One of the most useful additions to our cali is the slide-out drawer fort he luggage compartment of the van. It allows you to make use of the space very efficiently and makes it easier to reach all your gear.
There are several different commercially sold drawers, ranging from 500 euros up to 700 euros or more. There are however, also quite some Cali owners who build one themselves. I did as well.
The second step was ordering aluminium L-profiles. There are several online shops that will cut them to your desired dimensions and ship them to you. I ended up using www.aluminiumshop.nl.
Below you’ll find the list of profiles I ordered, in case you would want to build the drawer for yourself.:
1x 80x40x5mm 1000mm long
2x 80x40x5mm 750mm long
1x Strip 40x5mm 1000mm long
2x 80x30x3 740mm long
2x 80x30x3 951mm long
The entire construction is made up out of two parts:
- The ‘frame’, made of 3 aluminium L-profiles and a aluminium strip (5mm thick) , which are connected to the Cali’s floor rails with bolts.
- The drawer, made of 4 L-profiles (3mm thick) and a multiplex bottom plate (9mm thick). Both are joined together with pop nails/ rivets.
The frame and drawer are connected to each other by using strong drawer slides, which I orderd from a German website: Teleskopschienen24.de. They can carry up to 130 KG. They turned out to be a very good quality drawer slides and the website’s service was good. There’s even a very clear instruction manual in PDF on their website and a very useful explainer video on Youtube.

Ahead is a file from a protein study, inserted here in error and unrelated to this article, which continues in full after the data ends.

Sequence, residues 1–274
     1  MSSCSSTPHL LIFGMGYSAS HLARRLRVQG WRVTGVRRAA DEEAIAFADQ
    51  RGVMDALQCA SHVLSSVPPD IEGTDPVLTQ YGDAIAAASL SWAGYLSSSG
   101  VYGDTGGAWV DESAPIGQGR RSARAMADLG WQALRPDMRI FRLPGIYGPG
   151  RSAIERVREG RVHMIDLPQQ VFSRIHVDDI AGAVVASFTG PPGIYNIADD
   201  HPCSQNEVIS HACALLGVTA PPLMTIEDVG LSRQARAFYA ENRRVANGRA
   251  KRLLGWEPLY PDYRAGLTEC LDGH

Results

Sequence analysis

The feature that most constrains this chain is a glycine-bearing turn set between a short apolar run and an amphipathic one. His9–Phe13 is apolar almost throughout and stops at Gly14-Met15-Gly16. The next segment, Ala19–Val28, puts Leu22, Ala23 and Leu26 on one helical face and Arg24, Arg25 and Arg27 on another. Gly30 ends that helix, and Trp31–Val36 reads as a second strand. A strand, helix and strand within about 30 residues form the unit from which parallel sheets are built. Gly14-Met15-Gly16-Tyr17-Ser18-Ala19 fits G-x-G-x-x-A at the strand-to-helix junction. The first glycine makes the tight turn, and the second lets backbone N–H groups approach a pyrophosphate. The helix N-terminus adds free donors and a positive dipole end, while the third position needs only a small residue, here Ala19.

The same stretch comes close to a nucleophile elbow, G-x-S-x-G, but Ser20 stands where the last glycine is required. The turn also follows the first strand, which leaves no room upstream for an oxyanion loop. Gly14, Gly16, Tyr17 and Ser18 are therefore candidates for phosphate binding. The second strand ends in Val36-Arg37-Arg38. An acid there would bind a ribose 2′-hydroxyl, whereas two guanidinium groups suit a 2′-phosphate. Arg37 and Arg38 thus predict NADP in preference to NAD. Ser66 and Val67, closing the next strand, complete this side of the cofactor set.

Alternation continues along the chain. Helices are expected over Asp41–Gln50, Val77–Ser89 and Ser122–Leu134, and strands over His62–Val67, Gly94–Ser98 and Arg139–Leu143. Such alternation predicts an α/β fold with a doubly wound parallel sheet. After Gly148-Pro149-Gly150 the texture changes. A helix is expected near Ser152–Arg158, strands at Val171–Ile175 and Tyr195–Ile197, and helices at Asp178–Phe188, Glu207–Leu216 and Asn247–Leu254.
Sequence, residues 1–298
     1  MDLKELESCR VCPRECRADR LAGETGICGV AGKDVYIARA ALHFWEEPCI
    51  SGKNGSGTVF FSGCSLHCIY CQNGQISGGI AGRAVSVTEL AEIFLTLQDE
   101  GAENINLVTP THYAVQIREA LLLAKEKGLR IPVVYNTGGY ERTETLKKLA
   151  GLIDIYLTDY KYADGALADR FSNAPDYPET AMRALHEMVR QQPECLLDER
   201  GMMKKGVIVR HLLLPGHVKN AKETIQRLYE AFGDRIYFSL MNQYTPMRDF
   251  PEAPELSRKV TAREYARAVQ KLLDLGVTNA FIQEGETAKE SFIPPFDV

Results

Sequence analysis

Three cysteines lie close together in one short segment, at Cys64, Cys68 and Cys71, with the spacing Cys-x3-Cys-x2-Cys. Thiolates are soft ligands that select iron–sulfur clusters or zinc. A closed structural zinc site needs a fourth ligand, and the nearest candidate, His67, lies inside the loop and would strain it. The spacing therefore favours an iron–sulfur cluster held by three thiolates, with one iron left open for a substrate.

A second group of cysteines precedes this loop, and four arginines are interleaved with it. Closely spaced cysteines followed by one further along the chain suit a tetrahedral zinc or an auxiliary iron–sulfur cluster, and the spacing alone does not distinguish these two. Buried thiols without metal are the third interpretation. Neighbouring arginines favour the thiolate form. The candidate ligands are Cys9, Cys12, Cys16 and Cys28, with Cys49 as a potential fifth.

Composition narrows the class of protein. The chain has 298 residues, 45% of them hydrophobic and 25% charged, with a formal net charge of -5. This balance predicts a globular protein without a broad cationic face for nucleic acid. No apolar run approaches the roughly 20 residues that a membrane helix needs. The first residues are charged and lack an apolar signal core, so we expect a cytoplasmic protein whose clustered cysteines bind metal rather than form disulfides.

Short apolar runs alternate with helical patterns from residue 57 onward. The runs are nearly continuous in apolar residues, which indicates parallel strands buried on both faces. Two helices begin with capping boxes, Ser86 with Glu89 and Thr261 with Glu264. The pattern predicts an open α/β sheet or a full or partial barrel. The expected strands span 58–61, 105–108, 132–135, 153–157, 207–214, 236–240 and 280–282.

The multiplex board is made of 9mm water resistent multiplex. I also added some cheap anti slip material that helps prevent things from sliding.
The aluminium (cut to size and delivered) cost 108,33 euros. De drawer slides cost 79 euros. De special bolts to attach the frame to the Cali rails cost 27 euros, but in hindsight they could have been any M8 T-shaped bolts. So you could save on cost. De board cost 32 euros, but I ended up using less then half of it. So there’s another opportunity to spare on costs. A couple of bolts, pop rivets. Al in all I spend less then 250 euros.
A bit more info for those who asked
Since I wrote this article, many people have contacted me to let me know that they build the drawer based on this article. That’s really nice to hear. I appreciate the feedback very much.
Some have also asked for more detailed photo’s of how the different aluminium parts go together. So to accommodate those people, please find below a more detaild description (with photos) of how the alu parts go together.
What goes where?
The whole thing is made up out of a frame and a drawer, connected by drawer slides.
Photo number 1:
You can see here that the two side parts of the frame (A & B) rest in the back part of the frame (C) and on the front part of the frame (D). Where the parts meet (1 & 2), I used pop rivets to connect the parts together. Basically that’s the frame. Later on you have to make 2 holes in C to connect the frame to the van’s 2 rails, using a T-bolt.
Photo number 2:
Here you can see again how the frame is made. Before riveting the frame together at 1 & 2) , it’s smart to place it into the van first to see if it fits. Keep in mind that the bolt fasteners used on the bolts that connect the drawer slides to the frame, will be on the outside of the frame. So don’t make the frame full width. Leave room between the outside of the frame and the van wall for the bolt fasteners on the outside of the frame.
Photo number 3:
Here you can see that the sides of the drawer rest on/in the back and front parts of the drawer at 3 & 3 and 3a & 3a and that the drawer slides are bolted on to the drawer at 4 & 4. You can use shorter bolts than I did. Mine are a bit too long, but there aren’t in the way.
Photo number 4:
At 5 & 5 you can see that the drawer slides are connected to the frame with bolts as well. It’s these bolts that you need to reserve a bit of space for when measuring the frame inside the van.